John Pawson | Image courtesy of Something Curated

John Pawson Makes The Queen’s Honour Roll

Just two years since our founder, Sir Terence Conran, was made a Companion of Honour in the Queen’s Birthday Honours for services to design, John Pawson, the architect behind the new Design Museum, has been honoured with a CBE.

Renowned for his stark minimalist aesthetic and perfectionist nature, John Pawson has designed sets for ballets at the Royal Opera House, a Cistercian Monastery in Bohemia, flagship stores for Calvin Klein and transformed a Second World War bunker in Berlin into a museum of Southeast Asian art and furniture.

Renowned across the globe, Pawson has even been honoured with a multitude of dedicated exhibitions, including Plain Space, a 2010 exhibition at the Design Museum, and a 2012 major one-man-show dedicated to him at the Pinakothek der Moderne in the Germany city of Munich. Exploring his entire body of work, the exhibition spanned thirty years and featured the largest collection of Pawson architectural models ever assembled as well as specially commissioned, large-scale photography.

 

London Design Museum | Images courtesy of the Design Museum and Hufton + Crow

 

Beginning his career working alongside the designer Shiro Kuramata at his studio in Japan, John Pawson developed a personal style based almost entirely on simplicity and focused on the use of space, proportion, light and materials rather than form.

Influenced by design traditions from both the east and the west, Pawson boasts a portfolio of buildings, churches and yachts across the globe. Pawson’s approach to design is driven by the belief that even something as modest as a fork can be interpreted as a piece of architecture, a stance he carried into his role as the architect of the new Design Museum.

 

The new Design Museum by John Pawson | Image courtesy of March Branding

 

Founded in 1989 by our founder, Sir Terence Conran, as a registered charity, the Design Museum was originally housed in a former banana warehouse on London’s Shad Thames. Creating an entire design district around it, it wasn’t until 2008 that the Design Museum found itself on the hunt for larger premises to showcase iconic design from.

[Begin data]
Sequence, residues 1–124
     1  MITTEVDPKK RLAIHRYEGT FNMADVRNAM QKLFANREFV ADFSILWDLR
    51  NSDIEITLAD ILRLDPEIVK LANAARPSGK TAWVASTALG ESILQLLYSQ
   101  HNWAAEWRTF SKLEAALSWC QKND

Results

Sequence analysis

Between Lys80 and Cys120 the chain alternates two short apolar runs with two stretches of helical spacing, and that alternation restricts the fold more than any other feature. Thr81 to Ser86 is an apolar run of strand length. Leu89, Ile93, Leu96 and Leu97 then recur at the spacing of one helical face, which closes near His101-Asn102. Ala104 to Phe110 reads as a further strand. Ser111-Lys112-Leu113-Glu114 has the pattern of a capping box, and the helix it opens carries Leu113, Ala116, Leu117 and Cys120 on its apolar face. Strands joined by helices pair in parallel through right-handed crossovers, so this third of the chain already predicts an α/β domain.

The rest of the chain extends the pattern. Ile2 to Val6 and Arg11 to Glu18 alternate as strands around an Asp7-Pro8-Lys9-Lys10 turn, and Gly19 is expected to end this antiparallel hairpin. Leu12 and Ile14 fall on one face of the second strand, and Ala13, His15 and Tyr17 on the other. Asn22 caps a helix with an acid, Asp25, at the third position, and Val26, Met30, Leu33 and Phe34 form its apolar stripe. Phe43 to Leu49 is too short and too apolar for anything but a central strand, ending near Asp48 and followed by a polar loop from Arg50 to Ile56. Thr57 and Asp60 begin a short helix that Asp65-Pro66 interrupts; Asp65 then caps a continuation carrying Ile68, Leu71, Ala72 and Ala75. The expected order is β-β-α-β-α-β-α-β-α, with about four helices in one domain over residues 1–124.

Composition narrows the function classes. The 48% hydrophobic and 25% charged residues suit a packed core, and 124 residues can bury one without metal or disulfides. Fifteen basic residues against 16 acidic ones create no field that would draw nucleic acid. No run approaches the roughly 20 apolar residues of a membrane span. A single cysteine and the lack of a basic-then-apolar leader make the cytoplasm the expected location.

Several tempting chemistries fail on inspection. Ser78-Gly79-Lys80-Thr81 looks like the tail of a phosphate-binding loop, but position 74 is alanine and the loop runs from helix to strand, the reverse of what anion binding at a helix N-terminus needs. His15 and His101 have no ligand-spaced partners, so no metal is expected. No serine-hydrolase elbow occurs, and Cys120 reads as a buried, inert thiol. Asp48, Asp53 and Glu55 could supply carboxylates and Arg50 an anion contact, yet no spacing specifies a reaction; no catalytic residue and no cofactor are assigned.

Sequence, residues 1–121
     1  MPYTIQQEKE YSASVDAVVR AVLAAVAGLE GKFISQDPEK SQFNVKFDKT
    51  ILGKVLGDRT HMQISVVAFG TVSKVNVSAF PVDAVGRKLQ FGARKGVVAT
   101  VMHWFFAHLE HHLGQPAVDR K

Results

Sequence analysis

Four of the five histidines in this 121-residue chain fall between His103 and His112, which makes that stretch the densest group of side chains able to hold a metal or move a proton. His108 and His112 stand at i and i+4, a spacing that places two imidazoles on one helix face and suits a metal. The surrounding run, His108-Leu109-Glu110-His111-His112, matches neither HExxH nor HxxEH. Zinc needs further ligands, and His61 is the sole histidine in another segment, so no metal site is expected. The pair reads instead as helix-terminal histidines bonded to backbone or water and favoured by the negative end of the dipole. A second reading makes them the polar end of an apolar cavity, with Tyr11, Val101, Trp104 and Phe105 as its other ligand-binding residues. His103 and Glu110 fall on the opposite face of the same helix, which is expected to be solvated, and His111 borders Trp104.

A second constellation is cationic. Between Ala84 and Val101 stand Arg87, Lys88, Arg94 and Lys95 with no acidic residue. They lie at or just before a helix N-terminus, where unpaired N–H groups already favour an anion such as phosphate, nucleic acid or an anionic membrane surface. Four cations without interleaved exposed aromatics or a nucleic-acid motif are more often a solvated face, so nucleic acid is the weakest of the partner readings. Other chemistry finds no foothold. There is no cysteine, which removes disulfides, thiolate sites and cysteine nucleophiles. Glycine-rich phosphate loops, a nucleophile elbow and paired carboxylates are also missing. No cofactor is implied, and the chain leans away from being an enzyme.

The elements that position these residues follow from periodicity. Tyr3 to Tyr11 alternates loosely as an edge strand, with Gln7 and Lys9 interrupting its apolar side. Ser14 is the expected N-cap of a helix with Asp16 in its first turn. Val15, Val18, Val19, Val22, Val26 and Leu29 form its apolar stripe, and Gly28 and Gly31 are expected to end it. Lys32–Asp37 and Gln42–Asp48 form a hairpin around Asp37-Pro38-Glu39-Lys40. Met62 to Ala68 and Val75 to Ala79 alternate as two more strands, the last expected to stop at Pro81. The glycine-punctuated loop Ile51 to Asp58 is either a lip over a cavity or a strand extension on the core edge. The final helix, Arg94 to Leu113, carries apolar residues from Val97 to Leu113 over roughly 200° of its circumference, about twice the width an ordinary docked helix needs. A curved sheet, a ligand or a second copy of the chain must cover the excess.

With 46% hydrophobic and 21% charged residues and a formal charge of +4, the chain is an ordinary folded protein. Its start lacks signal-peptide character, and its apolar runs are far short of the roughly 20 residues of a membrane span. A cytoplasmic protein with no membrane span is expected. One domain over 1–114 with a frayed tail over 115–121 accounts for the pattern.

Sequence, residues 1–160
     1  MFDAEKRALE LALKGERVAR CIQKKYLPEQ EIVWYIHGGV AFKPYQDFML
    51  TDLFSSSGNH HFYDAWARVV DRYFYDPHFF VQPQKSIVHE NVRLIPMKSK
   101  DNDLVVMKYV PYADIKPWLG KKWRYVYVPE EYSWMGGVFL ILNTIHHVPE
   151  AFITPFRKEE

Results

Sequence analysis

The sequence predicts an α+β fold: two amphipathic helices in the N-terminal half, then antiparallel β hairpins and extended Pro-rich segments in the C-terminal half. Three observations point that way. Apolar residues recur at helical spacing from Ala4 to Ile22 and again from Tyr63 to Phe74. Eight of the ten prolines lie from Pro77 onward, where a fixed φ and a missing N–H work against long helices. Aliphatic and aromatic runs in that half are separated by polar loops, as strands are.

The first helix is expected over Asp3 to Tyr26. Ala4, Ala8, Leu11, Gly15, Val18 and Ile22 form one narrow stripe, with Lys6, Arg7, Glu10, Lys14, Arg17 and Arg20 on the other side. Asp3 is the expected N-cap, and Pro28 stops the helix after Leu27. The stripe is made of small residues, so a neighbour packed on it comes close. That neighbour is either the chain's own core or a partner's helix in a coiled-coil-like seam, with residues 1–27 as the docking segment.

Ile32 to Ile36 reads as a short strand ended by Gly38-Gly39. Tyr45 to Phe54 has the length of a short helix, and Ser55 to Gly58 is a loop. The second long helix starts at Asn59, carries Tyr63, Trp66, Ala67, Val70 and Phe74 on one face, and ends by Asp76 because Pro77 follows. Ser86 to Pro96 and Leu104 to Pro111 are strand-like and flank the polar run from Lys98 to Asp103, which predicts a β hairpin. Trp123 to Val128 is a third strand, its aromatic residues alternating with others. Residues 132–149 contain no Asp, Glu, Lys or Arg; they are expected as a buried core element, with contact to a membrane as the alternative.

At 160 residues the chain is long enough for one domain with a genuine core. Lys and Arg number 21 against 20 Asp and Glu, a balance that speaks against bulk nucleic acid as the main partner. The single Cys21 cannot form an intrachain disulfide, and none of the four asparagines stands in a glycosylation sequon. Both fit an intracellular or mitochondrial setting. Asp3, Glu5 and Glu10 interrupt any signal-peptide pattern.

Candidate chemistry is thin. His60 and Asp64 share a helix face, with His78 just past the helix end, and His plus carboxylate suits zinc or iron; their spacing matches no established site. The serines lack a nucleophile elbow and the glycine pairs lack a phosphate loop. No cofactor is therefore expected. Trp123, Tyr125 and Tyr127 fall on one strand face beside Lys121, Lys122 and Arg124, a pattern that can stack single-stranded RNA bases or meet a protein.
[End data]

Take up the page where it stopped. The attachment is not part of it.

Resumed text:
In a move spearheaded by Sir Terence, the Design Museum found its new home in the form of a unique landmark from the 1960s. Nestled in London’s Holland Park at the heart of Kensington's cultural quarter, the building was transformed into a 21st-century museum by a specialist design team led by John Pawson.

 

London Design Museum designed by John Pawson | Images courtesy of Hélène Binet, Luc Boegly & Sergio Grazia and Gareth Gardner

London Design Museum designed by John Pawson | Images courtesy of Hélène Binet, Luc Boegly & Sergio Grazia and Gareth Gardner

 

Originally home to the Commonwealth Institute, the Grade II* listed building was originally designed by Scottish firm RMJM but had stood vacant for over a decade before Pawson and his team stepped in.

Showcasing an oak and pale grey terrazzo-lined atrium as soon as you enter, the building has been reinvigorated to become London’s new Design Museum. Boasting Pawson’s signature minimalist aesthetic, the building features all plain, unadorned aspects, crafted using a range of woods and finished with hard-to-reach white walls that help to maintain and enhance the building’s original features.

 

Find out more about the Design Museum here and learn how to visit the world-renowned museum here.

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